11 pharmaceutical entities, 4 individuals named in suit claiming manufacturers misled consumers & doctors on opioid risks and dangers, accelerated marketing to increase profits, despite growing opioid addiction crisis
Erie County Executive Mark C. Poloncarz was joined Thursday by Erie County Attorney Michael Siragusa, Erie County Health Commissioner Dr. Gale Burstein, Erie County Mental Health Commissioner Michael Ranney and Paul J. Hanly Jr. of Simmons Hanly Conroy to announce Erie County filed a civil action lawsuit against 11 pharmaceutical manufacturing entities and four individuals for their roles in allegedly exacerbating the opioid epidemic gripping Erie County.
Filed Wednesday in New York State Supreme Court, the suit claims the defendants engaged in deceptive acts and practices, false advertising, fraud and unjust enrichment.
"These drug makers and their enablers in the medical community were aware of the significant dangers posed by opioid prescription medications, yet that did not stop them from continuing to push opioids, and get even more people hooked on them," Poloncarz said. "When addiction rates and fatalities climbed, they doubled down and increased their false advertising on the safety of these drugs, assuring doctors and patients that they were safe and had no long-lasting effects.
"In Erie County last year, we had over 300 fatalities that were opioid-related, and every day in America 78 people die from an opioid overdose. Our society has long borne the costs of this carnage while these predators have profited handsomely, leaving a trail of shattered lives and lost dreams in their wake. They are just as culpable for these deaths as street-level heroin dealers are, and they must be held accountable for the destruction they have caused and for the burden they have placed on our community."
While opioids provide effective short-term treatment for postsurgical and trauma-related pain, the lawsuit alleges the defendants manufactured, promoted and marketed opioids for pain management by misleading patients and doctors about the appropriate uses, risks and safety of opioids. In addition, the defendants allegedly knew opioids are too addictive and too debilitating for long-term use for chronic noncancer pain, and that, with prolonged use, the effectiveness of opioids wanes, requiring increases in doses to achieve pain relief and greatly increasing the risk of significant side effects and addiction. The defendants also allegedly knew controlled studies of the safety and efficacy of opioids were limited to short-term use in managed settings where the risk of addiction was significantly minimized.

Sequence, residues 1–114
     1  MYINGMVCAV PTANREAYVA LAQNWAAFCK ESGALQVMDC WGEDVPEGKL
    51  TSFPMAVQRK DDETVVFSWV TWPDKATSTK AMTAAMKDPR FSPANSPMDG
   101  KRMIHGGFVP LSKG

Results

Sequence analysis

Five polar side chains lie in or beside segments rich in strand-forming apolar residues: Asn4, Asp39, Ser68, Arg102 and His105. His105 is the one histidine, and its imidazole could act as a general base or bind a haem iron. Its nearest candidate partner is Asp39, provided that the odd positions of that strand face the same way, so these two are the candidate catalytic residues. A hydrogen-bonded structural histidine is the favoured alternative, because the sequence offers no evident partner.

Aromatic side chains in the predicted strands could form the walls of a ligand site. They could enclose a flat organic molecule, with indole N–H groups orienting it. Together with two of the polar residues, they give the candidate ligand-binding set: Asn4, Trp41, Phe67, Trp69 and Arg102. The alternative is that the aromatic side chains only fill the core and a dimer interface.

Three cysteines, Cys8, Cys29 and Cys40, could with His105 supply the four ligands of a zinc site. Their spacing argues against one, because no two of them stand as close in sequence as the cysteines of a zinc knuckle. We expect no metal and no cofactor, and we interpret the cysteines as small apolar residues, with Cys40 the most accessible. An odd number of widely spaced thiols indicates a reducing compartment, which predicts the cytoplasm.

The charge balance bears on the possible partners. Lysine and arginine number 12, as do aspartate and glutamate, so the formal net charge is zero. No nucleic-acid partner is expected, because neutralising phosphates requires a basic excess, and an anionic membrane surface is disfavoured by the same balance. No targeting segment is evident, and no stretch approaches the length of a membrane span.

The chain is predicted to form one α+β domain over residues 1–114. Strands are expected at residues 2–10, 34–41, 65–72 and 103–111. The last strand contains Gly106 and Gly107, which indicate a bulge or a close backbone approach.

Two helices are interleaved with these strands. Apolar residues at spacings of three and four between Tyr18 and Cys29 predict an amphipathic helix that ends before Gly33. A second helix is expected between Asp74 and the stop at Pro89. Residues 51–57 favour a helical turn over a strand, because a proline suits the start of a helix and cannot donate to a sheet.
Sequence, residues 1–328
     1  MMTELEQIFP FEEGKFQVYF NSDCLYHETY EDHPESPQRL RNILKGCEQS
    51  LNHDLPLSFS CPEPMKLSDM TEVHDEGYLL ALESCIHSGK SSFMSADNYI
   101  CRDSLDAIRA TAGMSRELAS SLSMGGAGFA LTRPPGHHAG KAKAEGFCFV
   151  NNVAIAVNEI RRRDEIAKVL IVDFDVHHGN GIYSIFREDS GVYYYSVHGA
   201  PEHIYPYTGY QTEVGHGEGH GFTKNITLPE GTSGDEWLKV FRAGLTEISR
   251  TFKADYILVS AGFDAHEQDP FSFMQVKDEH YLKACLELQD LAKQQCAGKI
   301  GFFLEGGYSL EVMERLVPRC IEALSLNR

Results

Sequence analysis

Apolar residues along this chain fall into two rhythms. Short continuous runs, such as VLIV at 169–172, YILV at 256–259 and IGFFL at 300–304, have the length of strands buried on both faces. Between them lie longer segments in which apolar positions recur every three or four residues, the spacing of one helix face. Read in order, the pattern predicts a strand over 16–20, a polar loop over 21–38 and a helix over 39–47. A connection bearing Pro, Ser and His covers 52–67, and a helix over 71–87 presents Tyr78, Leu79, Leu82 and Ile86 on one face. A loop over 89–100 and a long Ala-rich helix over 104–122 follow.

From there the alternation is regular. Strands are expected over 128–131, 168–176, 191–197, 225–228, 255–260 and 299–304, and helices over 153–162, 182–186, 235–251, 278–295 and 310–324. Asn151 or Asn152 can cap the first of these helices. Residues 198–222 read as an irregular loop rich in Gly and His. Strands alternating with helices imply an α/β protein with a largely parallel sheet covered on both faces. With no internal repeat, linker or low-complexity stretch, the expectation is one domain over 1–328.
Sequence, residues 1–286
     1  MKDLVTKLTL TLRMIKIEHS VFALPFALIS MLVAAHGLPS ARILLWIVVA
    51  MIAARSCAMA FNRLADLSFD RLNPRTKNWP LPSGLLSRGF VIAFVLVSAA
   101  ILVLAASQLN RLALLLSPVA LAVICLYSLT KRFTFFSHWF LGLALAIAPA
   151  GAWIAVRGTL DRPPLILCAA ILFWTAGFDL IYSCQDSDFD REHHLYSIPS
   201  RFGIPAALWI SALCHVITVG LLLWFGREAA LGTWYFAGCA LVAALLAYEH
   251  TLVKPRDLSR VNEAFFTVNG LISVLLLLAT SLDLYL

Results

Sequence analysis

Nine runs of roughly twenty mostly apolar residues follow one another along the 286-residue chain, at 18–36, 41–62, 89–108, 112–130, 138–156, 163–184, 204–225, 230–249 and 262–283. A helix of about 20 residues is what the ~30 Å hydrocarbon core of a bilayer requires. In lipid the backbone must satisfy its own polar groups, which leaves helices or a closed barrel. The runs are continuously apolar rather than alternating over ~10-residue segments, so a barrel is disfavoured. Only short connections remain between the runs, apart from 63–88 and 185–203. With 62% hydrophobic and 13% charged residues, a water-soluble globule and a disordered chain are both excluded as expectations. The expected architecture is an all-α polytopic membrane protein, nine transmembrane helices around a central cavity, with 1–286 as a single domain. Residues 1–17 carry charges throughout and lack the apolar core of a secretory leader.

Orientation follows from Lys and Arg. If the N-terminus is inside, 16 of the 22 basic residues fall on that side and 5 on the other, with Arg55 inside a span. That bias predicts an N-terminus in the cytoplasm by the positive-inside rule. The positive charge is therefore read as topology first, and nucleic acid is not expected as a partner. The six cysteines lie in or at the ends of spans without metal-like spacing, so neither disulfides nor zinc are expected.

"We contend that these manufacturers misled consumers and medical providers through misrepresentations and planned omissions regarding the appropriate uses, risks and safety of opioids for management of pain," Siragusa said. "In order to realize blockbuster profits, the defendants created a false perception of the safety and efficacy of opioids that would encourage the use of opioids for longer periods of time and to treat a wide-range of problems. They did this through a coordinated, sophisticated and highly deceptive marketing campaign. Defendants, knowing that long-term use of opioids causes addiction, misrepresented the dangers of long-term opioid use to physicians, pharmacists, and patients by engaging in a campaign to minimize the risks of, and to encourage, long-term opioid use."
To date, there have been no long-term studies demonstrating the safety and efficacy of opioids for long-term use. The lawsuit contends that, despite having this knowledge, the defendants allegedly worked to create a false perception of opioids' safety and efficacy in the minds of medical professionals and the public to encourage the use of opioids for longer periods of time - and for a wider range of problems, including such common aches and pains as lower back pain, arthritis and headaches. This false perception was allegedly promoted through an aggressive marketing campaign that began in the late 1990s, was ramped up in 2006, and continues today.
Poloncarz said, "The timeline for the opioid epidemic dovetails almost exactly with the hyper-marketing tactics of these companies. Since 1999, the amount of prescription opioids sold in the U.S. has nearly quadrupled. In 2010, 254 million prescriptions for opioids were filled in this country, which is enough to medicate every adult in America around the clock for a month. By 2014, nearly 2 million Americans either abused or were dependent on opioids. At the same time, in 2012 alone, opioids generated $8 billion in revenues for drug companies, including $3.1 billion for Purdue alone due to their Oxycontin sales. Their greedy, soulless drive for ever-expanding profits is destroying our society, and we must take steps to reduce the damages and fix this problem."
Siragusa will work with Hanly as the lawsuit moves forward. Simmons Hanley Conroy is working on a contingency basis and will only receive remuneration for its efforts and reimbursement for any costs if the suit is successful.
To read the complaint filed in New York State Supreme Court, click HERE.